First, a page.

Sunday, August 17, 2003

Rationing health care.

Two articles in today's New York Times raise provocative questions of health-care rationing and justice. One story is about Zell Kravinsky, a multimillionaire (well, he was a multimillionaire before he gave away $45 million to various foundations) who more recently donated one of his kidneys to a complete stranger. His wife has threatened to divorce him if Zell doesn't tone down his altruistic tendencies, and even his mother disapproves: "You can give money, you can give service. Body parts are quite another thing." Zell's explanation is strictly a utilitarian one: "No one should have a vacation home until everyone has a place to live . . . . No one should have a second car until everyone has one. And no one should have two kidneys until everyone has one."

In the second article, "New Therapies Pose Quandary for Medicare," Gina Kolata discusses medical therapies that could benefit tens of thousands of Medicare beneficiaries but at a cost of (as the late Carl Sagan would have said, in a different context) "billions and billions," indeed at a price that would dwarf the projected price tag for the prescription drug benefit currently being debated in conference by Congress. As Kolata puts it: "The federal Medicare program is expected to decide this week whether to pay for an aggressive and expensive lung operation that could offer a lifeline to tens of thousands of elderly patients. But health economists and medical experts say the treatment, however alluring, is part of an unsettling trend: new and ever pricier treatments for common medical conditions that are part and parcel of aging — procedures that could potentially benefit tens of thousands of patients, at a total cost that would far exceed the kind of prescription drug benefit now being considered by Congress. The questions, these experts say, are how much Medicare can or should pay, and whether cost-effectiveness should enter into the decisions." The chief medical officer for the Centers for Medicare and Medicaid Services, which administers the Medicare program, is quoted as saying "he understood that the costs of new technologies can be staggering. But he adds that cost has traditionally not been a consideration in deciding what to cover. 'If the technology was effective, we would find a way to pay for it,' he said. 'There is no dollar value per life per year at which Medicare would decline to pay.' But," adds Kolata, "costs are mounting."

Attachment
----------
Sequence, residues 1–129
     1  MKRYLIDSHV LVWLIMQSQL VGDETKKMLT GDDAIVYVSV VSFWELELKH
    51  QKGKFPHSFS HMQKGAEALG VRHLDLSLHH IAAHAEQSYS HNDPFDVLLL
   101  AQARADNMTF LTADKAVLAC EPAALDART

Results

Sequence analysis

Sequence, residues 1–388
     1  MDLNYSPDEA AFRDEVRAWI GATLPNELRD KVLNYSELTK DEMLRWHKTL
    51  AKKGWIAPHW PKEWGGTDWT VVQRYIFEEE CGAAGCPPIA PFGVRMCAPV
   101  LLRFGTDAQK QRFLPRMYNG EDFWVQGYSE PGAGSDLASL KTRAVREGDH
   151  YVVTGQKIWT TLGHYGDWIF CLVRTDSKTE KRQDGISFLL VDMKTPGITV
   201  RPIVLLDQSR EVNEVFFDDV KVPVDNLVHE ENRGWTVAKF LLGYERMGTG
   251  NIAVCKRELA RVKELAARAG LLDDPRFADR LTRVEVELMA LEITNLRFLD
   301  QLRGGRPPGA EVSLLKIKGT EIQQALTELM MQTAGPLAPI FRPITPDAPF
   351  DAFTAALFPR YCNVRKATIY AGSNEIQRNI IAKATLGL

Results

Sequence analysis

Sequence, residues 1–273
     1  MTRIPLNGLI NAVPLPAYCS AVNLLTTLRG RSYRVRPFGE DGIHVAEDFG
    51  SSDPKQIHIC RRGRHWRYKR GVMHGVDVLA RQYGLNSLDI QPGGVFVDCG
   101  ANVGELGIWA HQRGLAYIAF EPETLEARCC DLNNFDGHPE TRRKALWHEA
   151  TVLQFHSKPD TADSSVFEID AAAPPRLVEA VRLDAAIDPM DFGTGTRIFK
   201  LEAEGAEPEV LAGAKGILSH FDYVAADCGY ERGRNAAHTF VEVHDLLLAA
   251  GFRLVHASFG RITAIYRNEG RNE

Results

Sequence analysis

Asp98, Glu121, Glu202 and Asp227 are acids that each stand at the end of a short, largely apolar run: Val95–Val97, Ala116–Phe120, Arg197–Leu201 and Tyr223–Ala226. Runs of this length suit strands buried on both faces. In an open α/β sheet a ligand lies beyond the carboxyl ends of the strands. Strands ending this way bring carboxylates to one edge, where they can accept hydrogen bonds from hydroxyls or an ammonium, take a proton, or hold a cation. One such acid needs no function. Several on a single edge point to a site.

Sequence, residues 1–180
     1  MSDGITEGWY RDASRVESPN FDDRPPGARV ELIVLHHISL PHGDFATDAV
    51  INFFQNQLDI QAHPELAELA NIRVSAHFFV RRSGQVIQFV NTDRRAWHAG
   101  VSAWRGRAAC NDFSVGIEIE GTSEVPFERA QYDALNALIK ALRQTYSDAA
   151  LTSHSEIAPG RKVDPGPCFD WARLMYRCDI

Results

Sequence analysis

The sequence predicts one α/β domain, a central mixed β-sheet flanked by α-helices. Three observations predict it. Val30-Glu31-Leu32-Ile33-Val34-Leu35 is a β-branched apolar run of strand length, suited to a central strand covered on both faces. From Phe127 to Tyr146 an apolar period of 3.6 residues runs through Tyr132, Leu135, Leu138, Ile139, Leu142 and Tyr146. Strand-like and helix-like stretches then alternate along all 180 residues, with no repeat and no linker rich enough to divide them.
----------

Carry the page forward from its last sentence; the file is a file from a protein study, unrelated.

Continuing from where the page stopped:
posted by tommayo, 8:50 AM

Health care law (including public health law, medical ethics, and life sciences), with digressions into constitutional law, poetry, and other things that matter